Many who claim obedience to requirements as an essential element in salvation point to
Jesus' words in John 14:15 If ye love me, keep my commandments. Normally though what we hear taught as to the specific requirements for salvation are ritualistic things like repentance, confession, and baptism. It should be obvious to even a casual reader of the Bible that Jesus taught many things which are not included in the list above or in the average Sunday sermon. When pointing out this verse, one should logically be ready to address the question as to what are the commandments of Jesus.
Of course, the verse in John does not speak directly of salvation, per se, but the implications of Christian theology would certainly be that if one does not love Jesus, you can't be a Christian. Therefore, the connection between the commandments of Jesus and salvation are generally understood as a given.
So, we come right back to the obvious issue- what commandments? If one concludes that some commandments are essential and others inapplicable to salvation, then there should be a clearly stated rationale for excluding some commandments.
Significantly, Jesus spoke directly to the matter of commandments when he summed up the law in two requirements- Love God and love your neighbor- in response to a question from a certain lawyer (see Luke 10). Quite naturally, the questioner then wanted to know who qualified as his neighbor. In answering, Jesus told the story of the good Samaritan, showing that Jesus considered every man to be the questioner's neighbor, even those despised by his religious group.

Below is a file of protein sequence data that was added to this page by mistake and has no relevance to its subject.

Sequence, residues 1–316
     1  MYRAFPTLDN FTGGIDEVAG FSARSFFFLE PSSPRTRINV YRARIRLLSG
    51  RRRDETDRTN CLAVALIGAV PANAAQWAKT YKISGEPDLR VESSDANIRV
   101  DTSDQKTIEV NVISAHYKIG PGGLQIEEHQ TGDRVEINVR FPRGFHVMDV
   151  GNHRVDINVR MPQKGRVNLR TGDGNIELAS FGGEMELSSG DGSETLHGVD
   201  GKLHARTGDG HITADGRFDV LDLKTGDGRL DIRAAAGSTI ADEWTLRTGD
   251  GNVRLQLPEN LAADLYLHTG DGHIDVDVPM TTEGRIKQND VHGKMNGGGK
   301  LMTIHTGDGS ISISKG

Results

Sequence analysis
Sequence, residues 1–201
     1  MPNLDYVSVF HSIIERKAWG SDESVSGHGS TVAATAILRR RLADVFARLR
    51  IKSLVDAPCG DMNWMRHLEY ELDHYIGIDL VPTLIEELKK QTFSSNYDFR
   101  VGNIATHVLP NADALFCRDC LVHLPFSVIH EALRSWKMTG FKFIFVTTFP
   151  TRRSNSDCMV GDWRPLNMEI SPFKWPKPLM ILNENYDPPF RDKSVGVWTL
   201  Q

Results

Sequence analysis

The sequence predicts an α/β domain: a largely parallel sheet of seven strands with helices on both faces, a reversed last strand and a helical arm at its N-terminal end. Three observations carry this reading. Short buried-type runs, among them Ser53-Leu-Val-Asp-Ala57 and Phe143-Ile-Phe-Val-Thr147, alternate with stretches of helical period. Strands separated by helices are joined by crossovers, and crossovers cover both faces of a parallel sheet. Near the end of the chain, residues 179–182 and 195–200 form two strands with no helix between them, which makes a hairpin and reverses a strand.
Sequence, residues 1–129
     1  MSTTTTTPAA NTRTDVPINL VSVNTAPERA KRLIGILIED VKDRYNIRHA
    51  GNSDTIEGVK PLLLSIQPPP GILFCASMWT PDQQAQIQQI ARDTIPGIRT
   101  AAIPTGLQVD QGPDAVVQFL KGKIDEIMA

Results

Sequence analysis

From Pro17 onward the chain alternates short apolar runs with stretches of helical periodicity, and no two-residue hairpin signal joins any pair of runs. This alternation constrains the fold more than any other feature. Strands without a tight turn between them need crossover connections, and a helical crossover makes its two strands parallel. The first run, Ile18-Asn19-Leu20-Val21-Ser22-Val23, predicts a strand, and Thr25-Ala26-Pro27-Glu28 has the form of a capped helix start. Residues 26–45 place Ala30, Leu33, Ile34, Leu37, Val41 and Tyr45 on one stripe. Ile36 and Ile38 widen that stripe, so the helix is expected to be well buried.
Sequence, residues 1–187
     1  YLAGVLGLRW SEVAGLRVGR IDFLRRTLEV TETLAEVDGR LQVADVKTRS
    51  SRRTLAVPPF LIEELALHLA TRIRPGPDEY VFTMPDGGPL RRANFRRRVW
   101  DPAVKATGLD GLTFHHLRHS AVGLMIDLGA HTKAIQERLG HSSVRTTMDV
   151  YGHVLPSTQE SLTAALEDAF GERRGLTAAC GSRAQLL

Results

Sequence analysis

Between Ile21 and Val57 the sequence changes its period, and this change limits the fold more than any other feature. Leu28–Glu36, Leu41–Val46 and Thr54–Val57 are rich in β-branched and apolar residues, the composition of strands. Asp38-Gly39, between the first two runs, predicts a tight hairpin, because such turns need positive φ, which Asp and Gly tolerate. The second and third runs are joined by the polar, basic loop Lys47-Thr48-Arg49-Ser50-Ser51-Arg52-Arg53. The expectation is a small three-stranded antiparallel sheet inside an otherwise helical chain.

Salvation by obedience has always been problematic in this respect. Who determines what commandments apply and which don't? And what is the basis for concluding such?
How did church rituals come to be more important than Christ's distillation of the law. Paul certainly repeated the very same principles in Romans 13, further reinforcing the words of Jesus. If Jesus' commandments are essential, the two greatest would seem to be at the top of the list.